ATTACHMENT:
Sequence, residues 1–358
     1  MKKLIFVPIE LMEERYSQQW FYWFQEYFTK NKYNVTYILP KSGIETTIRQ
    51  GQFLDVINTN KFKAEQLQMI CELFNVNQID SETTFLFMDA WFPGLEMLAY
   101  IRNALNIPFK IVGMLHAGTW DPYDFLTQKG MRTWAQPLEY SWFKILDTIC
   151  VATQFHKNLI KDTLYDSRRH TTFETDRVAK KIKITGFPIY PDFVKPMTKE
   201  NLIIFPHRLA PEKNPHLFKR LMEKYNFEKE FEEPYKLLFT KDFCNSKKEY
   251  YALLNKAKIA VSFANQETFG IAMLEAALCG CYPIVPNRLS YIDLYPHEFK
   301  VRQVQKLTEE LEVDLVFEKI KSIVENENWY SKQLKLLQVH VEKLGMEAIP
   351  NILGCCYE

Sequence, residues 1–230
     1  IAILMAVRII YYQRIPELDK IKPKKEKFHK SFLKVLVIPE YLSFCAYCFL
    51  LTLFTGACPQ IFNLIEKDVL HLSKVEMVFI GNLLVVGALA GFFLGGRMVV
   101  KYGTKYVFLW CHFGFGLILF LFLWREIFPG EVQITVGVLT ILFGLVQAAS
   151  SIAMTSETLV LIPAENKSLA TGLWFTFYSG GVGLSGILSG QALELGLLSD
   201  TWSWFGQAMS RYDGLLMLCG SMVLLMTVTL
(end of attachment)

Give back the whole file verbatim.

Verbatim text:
Sequence, residues 1–358
     1  MKKLIFVPIE LMEERYSQQW FYWFQEYFTK NKYNVTYILP KSGIETTIRQ
    51  GQFLDVINTN KFKAEQLQMI CELFNVNQID SETTFLFMDA WFPGLEMLAY
   101  IRNALNIPFK IVGMLHAGTW DPYDFLTQKG MRTWAQPLEY SWFKILDTIC
   151  VATQFHKNLI KDTLYDSRRH TTFETDRVAK KIKITGFPIY PDFVKPMTKE
   201  NLIIFPHRLA PEKNPHLFKR LMEKYNFEKE FEEPYKLLFT KDFCNSKKEY
   251  YALLNKAKIA VSFANQETFG IAMLEAALCG CYPIVPNRLS YIDLYPHEFK
   301  VRQVQKLTEE LEVDLVFEKI KSIVENENWY SKQLKLLQVH VEKLGMEAIP
   351  NILGCCYE

Sequence, residues 1–230
     1  IAILMAVRII YYQRIPELDK IKPKKEKFHK SFLKVLVIPE YLSFCAYCFL
    51  LTLFTGACPQ IFNLIEKDVL HLSKVEMVFI GNLLVVGALA GFFLGGRMVV
   101  KYGTKYVFLW CHFGFGLILF LFLWREIFPG EVQITVGVLT ILFGLVQAAS
   151  SIAMTSETLV LIPAENKSLA TGLWFTFYSG GVGLSGILSG QALELGLLSD
   201  TWSWFGQAMS RYDGLLMLCG SMVLLMTVTL